Sunday, 5 July 2009

Moidart

Small enough to pootle around but with plenty of interest and stunning scenery to keep you occupied for a full day, Loch Moidart has to be my favourite sea loch.



Castle Tioram, formerly home of of Ranald, son on Somerled, Lord of the Isles, sits on small island that can be approached on foot along a tombolo at most times other than higher tides.


Eilean Shona is a large tidal island that splits Loch Moidart in two. Much of the north channel dries out at low tide and is shallow at high tide, being passable for a kayak but most other craft will struggle. Large parts of the island are wooded and there are a number of properties scattered around the island, some of which can be rented from the estate as holiday homes. A cracking place to get away from it all.


I spotted this old trawler from my launch spot so headed up the loch to get a closer look. I have this thing for old wooden fishing boats.....

There are a small number of superbly located cottages along the coast and islands of Loch Moidart. Dream on.

Turning towards the southern channel of the outer loch you soon get sight of the skerries that guard the entrance and passage of the outer loch. Seals, otters, popoises and eagles, both golden and white-tailed can, and were, seen here.


At the mouth of the loch the view opens up from Ardnamurchan to Muck and on to Eigg and Rum.


Close to the entrance of the loch a sandbar joins Eilean Shona to one of the skerries. A group from Rockhopper Seakayaking were on a day trip in the loch and had decided on the same lunch location, but it was easy enough to lose one another here.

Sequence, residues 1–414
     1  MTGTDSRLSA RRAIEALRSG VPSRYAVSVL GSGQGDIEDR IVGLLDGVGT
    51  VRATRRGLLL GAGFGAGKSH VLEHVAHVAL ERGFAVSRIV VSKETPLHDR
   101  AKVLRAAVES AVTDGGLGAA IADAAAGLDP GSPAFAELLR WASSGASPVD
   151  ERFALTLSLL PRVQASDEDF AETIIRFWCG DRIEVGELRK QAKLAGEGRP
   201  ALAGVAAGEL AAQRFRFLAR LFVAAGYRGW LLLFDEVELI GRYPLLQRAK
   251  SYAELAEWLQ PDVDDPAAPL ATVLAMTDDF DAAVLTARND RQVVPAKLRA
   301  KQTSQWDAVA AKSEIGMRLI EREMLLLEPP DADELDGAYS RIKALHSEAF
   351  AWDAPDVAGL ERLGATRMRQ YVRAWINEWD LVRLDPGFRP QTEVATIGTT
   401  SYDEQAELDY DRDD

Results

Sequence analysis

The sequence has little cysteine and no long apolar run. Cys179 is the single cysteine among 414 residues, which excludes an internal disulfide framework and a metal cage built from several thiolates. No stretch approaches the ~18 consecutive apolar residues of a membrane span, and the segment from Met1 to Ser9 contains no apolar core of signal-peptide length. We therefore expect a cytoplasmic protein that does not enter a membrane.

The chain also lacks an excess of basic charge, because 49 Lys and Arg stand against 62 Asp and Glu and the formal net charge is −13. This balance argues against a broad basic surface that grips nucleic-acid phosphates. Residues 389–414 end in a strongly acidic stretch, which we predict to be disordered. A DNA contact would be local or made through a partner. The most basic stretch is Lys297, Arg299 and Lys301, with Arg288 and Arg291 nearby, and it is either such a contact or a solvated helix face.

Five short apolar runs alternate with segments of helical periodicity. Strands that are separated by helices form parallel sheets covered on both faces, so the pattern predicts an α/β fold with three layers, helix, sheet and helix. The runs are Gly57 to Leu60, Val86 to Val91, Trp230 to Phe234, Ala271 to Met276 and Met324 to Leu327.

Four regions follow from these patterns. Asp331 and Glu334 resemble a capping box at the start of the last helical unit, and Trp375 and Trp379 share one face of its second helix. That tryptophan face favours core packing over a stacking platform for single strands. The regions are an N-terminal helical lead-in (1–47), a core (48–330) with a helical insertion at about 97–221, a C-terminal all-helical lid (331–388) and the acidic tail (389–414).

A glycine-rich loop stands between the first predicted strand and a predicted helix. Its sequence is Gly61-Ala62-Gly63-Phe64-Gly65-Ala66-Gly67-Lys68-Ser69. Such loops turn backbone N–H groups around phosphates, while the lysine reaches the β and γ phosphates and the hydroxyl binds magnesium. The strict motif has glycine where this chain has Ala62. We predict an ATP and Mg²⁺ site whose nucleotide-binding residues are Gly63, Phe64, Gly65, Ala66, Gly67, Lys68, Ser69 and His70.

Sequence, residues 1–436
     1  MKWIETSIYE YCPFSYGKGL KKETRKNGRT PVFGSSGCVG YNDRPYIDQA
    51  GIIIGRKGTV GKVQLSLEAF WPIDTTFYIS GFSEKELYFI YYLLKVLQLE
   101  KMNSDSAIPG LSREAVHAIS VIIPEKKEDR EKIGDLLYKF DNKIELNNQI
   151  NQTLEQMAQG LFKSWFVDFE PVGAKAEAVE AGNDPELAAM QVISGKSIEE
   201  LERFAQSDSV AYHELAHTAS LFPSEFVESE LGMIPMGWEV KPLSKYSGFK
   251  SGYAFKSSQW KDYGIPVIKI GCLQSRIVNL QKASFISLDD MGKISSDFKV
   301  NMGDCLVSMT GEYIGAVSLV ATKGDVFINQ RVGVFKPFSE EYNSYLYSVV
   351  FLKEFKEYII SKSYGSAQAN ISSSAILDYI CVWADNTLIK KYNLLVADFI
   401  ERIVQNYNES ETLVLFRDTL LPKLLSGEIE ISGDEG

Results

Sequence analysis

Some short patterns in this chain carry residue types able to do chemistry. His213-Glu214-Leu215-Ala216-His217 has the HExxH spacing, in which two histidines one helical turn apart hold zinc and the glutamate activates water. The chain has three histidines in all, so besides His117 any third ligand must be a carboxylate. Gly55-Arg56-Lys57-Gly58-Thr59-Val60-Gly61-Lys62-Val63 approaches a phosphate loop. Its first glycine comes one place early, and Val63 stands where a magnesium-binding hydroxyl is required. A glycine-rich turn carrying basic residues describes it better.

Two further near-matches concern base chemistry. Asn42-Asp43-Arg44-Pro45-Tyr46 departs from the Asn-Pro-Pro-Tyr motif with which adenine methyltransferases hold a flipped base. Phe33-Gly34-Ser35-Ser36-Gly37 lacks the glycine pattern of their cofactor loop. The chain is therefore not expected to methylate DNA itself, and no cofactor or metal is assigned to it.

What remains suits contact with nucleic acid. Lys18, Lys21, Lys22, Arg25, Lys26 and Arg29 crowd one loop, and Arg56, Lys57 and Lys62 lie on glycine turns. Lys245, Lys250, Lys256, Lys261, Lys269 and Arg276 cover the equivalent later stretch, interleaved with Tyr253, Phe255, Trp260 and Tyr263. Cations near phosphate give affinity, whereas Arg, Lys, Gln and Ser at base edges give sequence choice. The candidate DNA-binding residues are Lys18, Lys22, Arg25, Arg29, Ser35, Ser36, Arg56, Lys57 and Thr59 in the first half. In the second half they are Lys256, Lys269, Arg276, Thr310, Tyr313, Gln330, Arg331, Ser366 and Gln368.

After lunch I slipped out of the loch and headed out to some of the offshore skerries, working my way through the many inlets and channels, enjoying the rise and fall of the swell on the outside of the rocks and the push and pull of the wash through the channels. Given the big skies it was easy to see the weather changing. The pattern of the week, a rising and strong afternoon northerly wind, was brewing again, so rather than heading further up the coast I turned south to Farquhar's Point and headed back in to the loch, exploring the southern shore of the Loch, then the northern, and back to the southern side again.

The wind really picked up, the rain started, and stopped, but soon the loch was a mass of white horses and I was on the south-side with breaking waves and the wind beam on. Oh joy! I ground out a tough paddle, switching to the north shore to avoid the shallows where the River Shiel flows in to the loch before finishing back at the castle.

1 comment:

Will said...

Great trip - reminds me of my own solo wanderings, this area being perfectly suited to such trips...must get back soon!